Location: Plant Germplasm Introduction and Testing ResearchTitle: Genome-wide association and prediction of traits related to salt tolerance in autotetraploid alfalfa (Medicago sativa L.)
|MEDINA, CESAR AUGUSTO - Washington State University|
|HAWKINS, CHARLES - Washington State University|
|LIU, XIANG-PING - Heilongjiang Bayi Agricultural University (HLAU)|
Submitted to: International Journal of Molecular Sciences
Publication Type: Peer Reviewed Journal
Publication Acceptance Date: 5/6/2020
Publication Date: 5/9/2020
Publication URL: https://handle.nal.usda.gov/10113/7019749
Citation: Medina, C., Hawkins, C., Liu, X., Peel, M., Yu, L. 2020. Genome-wide association and prediction of traits related to salt tolerance in autotetraploid alfalfa (Medicago sativa L.). International Journal of Molecular Sciences. 21:3361. https://doi.org/10.3390/ijms21093361.
Interpretive Summary: Saline soil is a worldwide problem in agriculture, reducing productivity and increasing water usage. Breeding crops to increase salt tolerance can mitigate these effects. In the case of alfalfa, however, breeding is complicated by a tetraploid genome and outcrossing reproduction, and more sophisticated breeding methods are required to progress. Genomic selection is a technique that utilizes machine learning to assist breeding by using prior data to make predictions about a plant’s traits based on its genome. In this work, we test eight machine learning models on several salt tolerance datasets in alfalfa for their ability to accurately predict salt tolerance. The models were able to achieve accuracies of up to 43% for some of the datasets, which is sufficient to make progress in a real-world breeding program.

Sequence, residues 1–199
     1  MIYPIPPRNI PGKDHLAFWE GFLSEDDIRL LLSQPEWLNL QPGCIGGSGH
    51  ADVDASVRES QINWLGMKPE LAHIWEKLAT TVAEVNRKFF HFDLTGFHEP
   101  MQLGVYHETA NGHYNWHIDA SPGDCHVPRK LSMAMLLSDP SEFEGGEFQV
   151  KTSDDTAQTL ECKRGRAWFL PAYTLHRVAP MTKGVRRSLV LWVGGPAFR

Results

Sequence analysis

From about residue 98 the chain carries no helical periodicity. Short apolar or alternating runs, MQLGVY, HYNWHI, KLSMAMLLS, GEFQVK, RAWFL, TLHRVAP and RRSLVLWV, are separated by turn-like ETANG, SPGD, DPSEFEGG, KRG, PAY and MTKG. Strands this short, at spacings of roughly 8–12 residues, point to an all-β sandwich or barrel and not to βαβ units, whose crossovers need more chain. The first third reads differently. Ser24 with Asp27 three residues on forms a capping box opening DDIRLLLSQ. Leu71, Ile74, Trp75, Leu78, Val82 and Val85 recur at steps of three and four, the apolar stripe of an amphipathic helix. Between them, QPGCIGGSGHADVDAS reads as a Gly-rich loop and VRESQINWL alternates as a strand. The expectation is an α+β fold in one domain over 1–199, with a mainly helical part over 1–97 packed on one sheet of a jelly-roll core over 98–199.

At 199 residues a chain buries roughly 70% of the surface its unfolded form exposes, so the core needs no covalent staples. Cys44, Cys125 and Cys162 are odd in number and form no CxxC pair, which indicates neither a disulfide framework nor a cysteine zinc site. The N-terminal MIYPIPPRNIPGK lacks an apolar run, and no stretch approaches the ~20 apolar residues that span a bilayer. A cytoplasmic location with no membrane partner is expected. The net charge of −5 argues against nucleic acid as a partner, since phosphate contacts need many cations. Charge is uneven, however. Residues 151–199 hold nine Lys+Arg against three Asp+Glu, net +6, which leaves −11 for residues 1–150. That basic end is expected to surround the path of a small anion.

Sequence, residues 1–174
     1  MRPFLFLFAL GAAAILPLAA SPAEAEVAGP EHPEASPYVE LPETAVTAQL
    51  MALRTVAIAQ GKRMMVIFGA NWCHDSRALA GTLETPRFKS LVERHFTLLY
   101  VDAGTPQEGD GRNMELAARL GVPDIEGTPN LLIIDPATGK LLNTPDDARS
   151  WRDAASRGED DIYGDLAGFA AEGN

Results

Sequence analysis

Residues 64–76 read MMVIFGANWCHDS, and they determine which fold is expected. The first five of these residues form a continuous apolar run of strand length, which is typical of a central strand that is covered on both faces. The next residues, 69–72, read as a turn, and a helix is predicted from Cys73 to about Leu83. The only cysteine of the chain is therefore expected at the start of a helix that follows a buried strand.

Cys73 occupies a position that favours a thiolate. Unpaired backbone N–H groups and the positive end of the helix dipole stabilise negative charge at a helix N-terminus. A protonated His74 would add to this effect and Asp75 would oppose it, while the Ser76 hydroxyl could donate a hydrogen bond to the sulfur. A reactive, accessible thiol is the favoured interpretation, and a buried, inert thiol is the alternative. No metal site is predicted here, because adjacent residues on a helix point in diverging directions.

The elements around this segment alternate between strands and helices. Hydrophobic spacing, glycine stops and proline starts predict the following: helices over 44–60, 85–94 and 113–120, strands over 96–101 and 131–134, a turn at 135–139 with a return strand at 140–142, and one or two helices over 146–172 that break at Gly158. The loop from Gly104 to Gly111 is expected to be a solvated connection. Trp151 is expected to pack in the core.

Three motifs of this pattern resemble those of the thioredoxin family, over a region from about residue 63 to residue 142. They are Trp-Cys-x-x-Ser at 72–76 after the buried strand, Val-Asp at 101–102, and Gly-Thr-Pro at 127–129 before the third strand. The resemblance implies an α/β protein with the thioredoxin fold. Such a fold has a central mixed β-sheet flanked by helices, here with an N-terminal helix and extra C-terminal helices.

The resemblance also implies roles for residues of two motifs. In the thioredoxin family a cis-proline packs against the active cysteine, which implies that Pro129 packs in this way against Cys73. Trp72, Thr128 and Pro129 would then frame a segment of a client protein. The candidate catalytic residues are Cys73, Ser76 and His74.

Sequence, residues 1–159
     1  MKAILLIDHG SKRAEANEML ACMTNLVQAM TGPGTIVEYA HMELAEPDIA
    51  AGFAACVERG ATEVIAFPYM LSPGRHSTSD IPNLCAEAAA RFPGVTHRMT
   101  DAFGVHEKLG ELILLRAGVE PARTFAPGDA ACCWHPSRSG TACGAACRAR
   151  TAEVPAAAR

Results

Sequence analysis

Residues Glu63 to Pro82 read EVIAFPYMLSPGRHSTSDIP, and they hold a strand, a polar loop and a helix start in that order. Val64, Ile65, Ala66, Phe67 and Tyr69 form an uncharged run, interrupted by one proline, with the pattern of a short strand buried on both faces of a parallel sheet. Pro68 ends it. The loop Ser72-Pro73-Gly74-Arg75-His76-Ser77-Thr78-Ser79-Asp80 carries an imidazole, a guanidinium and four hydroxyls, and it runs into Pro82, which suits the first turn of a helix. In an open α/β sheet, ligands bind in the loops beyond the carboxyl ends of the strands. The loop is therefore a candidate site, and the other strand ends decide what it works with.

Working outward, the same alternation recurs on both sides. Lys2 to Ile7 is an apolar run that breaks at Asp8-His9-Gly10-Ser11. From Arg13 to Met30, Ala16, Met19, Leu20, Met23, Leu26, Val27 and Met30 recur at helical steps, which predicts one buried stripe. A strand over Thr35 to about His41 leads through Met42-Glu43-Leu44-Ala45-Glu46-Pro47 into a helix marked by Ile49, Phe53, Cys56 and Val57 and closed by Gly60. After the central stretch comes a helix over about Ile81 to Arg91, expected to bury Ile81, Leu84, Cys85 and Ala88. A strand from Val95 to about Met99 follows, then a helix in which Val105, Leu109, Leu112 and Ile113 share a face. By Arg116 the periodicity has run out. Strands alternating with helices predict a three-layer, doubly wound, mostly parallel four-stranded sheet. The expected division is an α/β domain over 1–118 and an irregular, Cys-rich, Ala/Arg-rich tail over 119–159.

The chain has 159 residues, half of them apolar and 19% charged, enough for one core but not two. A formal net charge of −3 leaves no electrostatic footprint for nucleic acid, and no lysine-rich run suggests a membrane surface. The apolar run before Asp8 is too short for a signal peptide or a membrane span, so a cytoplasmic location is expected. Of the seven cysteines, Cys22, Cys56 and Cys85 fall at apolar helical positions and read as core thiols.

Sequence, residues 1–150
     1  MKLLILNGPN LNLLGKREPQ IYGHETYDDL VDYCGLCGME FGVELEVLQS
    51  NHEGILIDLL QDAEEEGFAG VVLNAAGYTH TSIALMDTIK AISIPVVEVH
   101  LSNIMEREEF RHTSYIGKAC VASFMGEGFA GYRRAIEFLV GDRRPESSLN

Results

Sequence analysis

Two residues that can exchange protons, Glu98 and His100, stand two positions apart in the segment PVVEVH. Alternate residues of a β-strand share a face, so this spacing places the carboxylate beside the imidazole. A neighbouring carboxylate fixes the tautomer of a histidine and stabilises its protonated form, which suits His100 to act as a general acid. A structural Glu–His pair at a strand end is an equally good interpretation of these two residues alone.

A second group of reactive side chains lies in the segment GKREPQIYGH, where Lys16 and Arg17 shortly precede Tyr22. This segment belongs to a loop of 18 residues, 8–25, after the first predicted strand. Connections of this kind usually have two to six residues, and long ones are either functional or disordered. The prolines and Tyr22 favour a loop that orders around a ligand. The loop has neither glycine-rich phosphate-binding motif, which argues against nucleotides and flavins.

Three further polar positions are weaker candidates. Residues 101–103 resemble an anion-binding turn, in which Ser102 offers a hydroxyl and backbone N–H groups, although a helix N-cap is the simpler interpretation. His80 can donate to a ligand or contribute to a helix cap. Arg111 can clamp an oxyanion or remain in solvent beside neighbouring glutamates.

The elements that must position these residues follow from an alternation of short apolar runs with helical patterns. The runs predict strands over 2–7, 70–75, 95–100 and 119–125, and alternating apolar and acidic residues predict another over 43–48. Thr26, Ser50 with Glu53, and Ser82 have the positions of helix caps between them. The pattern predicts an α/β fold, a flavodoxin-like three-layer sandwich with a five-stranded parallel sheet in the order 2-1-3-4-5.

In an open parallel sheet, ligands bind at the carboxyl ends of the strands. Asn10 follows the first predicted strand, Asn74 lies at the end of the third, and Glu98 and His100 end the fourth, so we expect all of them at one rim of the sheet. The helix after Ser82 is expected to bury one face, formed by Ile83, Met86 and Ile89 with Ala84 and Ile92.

Technical Abstract: Soil salinity is a growing problem in world agriculture. In 2014, saline soil cost an estimated $27 B in lost crop yields worldwide. Continued improvement in crop salt tolerance will require the implementation of new breeding technologies such as genomic selection (GS). This technology utilizes machine learning to predict breeding values for candidates under selection, making selections based on these predictions. GS offers high accuracy and the potential for gains that are more rapid than those of phenotypic selection while being more sustainable than those of other methods. In this work, we report the results of cross-validation of eight GS models on a population of alfalfa with three different phenotypic datasets related to salt tolerance: Yield under salt stress in a field, general health score under salt stress in a field, and a set of health and productivity metrics collected from salt-exposed plants grown in a greenhouse. The highest-performing model, SVR with '-regression, achieved an accuracy of 0.43 for the field health. Association mapping was also performed on the health and yield datasets. The most-significant markers among these data had a -log10 p-value of 4.5.